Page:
All Over but the Shoutin’ is perhaps Rick Bragg’s most well-known work, beginning a trilogy that, in its focus on one family in the early and mid-20th century, takes readers into the generally ignored territory of the poor white working class of the South. The book is a tribute to Bragg’s mother, Margaret Bragg, who was abandoned by her alcoholic husband and struggled to raise three boys on her own in unforgiving times, but also serves as a biography of Bragg – revealing how he became a Pulitzer-prize winning journalist despite his challenging upbringing. Bragg accredits his gift for storytelling to his many hours listening to family members tell stories; the oral tradition has always been strong in the South. That gift is on display early here, when he struggled with his father’s legacy, knowing he was a good man at some point who was broken by Korea and whiskey and could never quite find the way home again. Although All Over is replete with hardship and suffering – no more so than when his mother, struggling to make ends meet by picking cotton in the fields, is made redundant by the arrival of the machines, the story is flecked with humor and joy, too – culminating in Bragg’s being able to fulfill his lifelong dream, to buy his mother a home and place of her own.
Ava’s Man takes us back earlier, to Bragg’s maternal grandfather, Charlie Bundrum. Charlie appears briefly but memorably in All Over but the Shoutin’, as a hard-working man and a merry drinker who Bragg’s father compares unfavorably against. . Bragg never knew his grandfather Charlie; the man died the year he was born, but Charlie gave Margaret and his other girls a strength they needed to carry them through difficult days. Bragg couldn’t help but notice how powerfully Charlie’s memory affected his aunts, who would cry at the very mention of his name; such was their loss. Although he never found material wealth, through work and talent (at roofing and brewing moonshine) he made life for his wife and girls comfortable at times, and unlike many his love for ardent spirits never led him to jail or to abusive behavior. He was a happy drinker, a singer of songs, and when he quarreled with his wife it was because they both liked arguing with the other too much to give it up. Although his work as a carpenter had given him great, strong hands that could flatten a man in a single throw when they were used in anger, he was known for his gentleness — adopting a poor drifter who lived by the river, and taking joy in playing with his young grandchildren. He was no pushover, though, as many a revenuer learned — to their painful embarrassment.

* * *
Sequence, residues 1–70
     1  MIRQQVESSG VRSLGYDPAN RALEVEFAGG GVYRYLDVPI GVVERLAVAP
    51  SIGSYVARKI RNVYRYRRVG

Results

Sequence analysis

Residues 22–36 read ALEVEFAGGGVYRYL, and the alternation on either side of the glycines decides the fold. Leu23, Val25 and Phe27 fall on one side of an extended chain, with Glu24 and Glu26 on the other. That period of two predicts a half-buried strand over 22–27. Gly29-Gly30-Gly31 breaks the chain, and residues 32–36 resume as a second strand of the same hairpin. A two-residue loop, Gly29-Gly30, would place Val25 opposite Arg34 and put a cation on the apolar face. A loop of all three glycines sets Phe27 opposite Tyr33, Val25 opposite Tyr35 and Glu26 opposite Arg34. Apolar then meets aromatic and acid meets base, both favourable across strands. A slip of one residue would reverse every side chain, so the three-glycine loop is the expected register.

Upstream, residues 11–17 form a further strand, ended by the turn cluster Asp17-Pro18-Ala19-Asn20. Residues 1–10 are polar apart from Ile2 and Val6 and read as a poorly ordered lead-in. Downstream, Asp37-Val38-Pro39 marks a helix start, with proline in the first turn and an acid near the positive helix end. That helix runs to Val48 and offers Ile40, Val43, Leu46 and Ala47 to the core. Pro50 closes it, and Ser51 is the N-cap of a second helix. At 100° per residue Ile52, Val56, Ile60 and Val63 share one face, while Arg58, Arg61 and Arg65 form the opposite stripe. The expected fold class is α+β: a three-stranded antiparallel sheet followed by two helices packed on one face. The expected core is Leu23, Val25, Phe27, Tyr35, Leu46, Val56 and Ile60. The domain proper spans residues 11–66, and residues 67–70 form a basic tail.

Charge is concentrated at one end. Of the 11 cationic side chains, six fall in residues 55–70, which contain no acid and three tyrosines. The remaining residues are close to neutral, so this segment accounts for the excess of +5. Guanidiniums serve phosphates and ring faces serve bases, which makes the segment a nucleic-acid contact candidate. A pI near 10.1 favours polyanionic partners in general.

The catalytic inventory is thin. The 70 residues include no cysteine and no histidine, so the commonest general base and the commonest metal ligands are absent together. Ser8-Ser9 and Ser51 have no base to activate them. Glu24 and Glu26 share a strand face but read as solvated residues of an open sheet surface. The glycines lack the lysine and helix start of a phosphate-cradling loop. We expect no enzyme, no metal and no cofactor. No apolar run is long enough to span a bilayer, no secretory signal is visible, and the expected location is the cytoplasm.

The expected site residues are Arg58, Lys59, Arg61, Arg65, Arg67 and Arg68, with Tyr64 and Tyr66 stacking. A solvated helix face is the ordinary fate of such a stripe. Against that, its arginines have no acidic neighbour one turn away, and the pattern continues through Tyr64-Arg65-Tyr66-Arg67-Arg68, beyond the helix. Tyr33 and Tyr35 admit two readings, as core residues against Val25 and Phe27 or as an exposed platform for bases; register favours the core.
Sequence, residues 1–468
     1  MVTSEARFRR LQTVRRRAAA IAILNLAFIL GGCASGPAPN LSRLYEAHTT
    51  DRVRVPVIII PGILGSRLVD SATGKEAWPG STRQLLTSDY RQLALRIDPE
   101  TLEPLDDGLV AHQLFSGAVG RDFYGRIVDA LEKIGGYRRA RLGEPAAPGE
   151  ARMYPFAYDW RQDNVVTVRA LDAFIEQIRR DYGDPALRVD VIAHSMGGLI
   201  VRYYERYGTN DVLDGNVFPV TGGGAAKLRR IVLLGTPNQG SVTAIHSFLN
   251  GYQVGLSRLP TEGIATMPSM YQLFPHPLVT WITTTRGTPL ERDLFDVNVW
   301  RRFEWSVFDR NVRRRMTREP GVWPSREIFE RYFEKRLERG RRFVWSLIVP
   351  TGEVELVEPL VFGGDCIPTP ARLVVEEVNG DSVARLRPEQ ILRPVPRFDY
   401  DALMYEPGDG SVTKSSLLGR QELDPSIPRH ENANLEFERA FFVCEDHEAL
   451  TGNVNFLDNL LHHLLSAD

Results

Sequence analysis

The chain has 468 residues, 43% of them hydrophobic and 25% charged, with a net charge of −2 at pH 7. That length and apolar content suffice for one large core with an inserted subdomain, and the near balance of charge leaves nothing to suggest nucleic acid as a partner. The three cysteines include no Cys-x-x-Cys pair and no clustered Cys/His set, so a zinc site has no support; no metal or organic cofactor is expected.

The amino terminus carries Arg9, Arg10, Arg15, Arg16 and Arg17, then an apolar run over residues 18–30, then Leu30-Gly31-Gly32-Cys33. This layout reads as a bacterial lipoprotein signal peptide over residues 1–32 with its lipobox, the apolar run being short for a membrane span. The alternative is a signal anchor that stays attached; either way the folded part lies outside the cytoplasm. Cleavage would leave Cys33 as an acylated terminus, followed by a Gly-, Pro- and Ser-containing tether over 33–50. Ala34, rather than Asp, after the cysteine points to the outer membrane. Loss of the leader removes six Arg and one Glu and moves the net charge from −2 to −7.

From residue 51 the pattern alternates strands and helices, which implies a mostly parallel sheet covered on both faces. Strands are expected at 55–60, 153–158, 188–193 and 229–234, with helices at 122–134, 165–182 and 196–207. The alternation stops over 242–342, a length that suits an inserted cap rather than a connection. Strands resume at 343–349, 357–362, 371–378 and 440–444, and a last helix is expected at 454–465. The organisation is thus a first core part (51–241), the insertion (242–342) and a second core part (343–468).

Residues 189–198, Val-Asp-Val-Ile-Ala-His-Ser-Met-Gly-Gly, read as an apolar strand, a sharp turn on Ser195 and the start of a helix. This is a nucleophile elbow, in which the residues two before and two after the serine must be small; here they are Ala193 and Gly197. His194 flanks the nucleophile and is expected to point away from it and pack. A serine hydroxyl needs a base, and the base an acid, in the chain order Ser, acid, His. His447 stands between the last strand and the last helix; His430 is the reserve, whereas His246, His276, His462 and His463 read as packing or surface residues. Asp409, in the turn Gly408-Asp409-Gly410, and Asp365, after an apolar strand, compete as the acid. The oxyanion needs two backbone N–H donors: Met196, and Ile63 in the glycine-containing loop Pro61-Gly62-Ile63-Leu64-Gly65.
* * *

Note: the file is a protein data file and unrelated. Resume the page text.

In The Prince of Frogtown, Bragg returns to his father, Charles Bragg, attempting to find the man he was despite the wreck he became — a story told while Bragg also recounts his own experience with sudden fatherhood, having become a stepfather to a young boy. The book grew out of one of Bragg’s friends’ observation that he would never be able to rest until he’d tackled his father’s legacy square on. Bragg here focuses on the mill village that offered so many of his family a way out of poverty, as treacherous as it was. It was a society saturated with whiskey, violence, and cotton fiber; Charles sought to escape the fate being trapped into mill work, hoping for a career in the Marines, but between the war and a bad auto accident, he came home a different man — one who needed the whiskey to numb the pain, not just to have a good time. Although the track of this story will be familiar to those who have read Bragg’s other works , we get a much fuller idea of the Boy who was Bragg’s dad — a short but feisty boy who was the leader of his own pack, who took pride in his juvenile accomplishments and who was later frustrated by his lack of progress as a man. The story tends toward sadness, given Charles’ fate as a suicide eaten up with liver damage and tuberculosis, but it’s replete with memorable characters and funny stories.
These books are a tribute to not only Bragg’s family, but all the poor but proud southern workingmen forgotten by the history books, capturing their — our — unique culture and often chaotic history. The writing is superb, frankly, drawing the reader into these lives and making the emotions that drove them all the more real when life takes a comic — or tragic — turn. I can only admire Bragg for the difficulty undertaken in trying to face the sorrow and pain in his family history — and admire, too, his ability to take the oral history of his elders and turn it into three narratives that are each as spell-binding as the other. Ava’s Man remains my favorite among these, largely for the near folk-hero character of Charlie Bundum.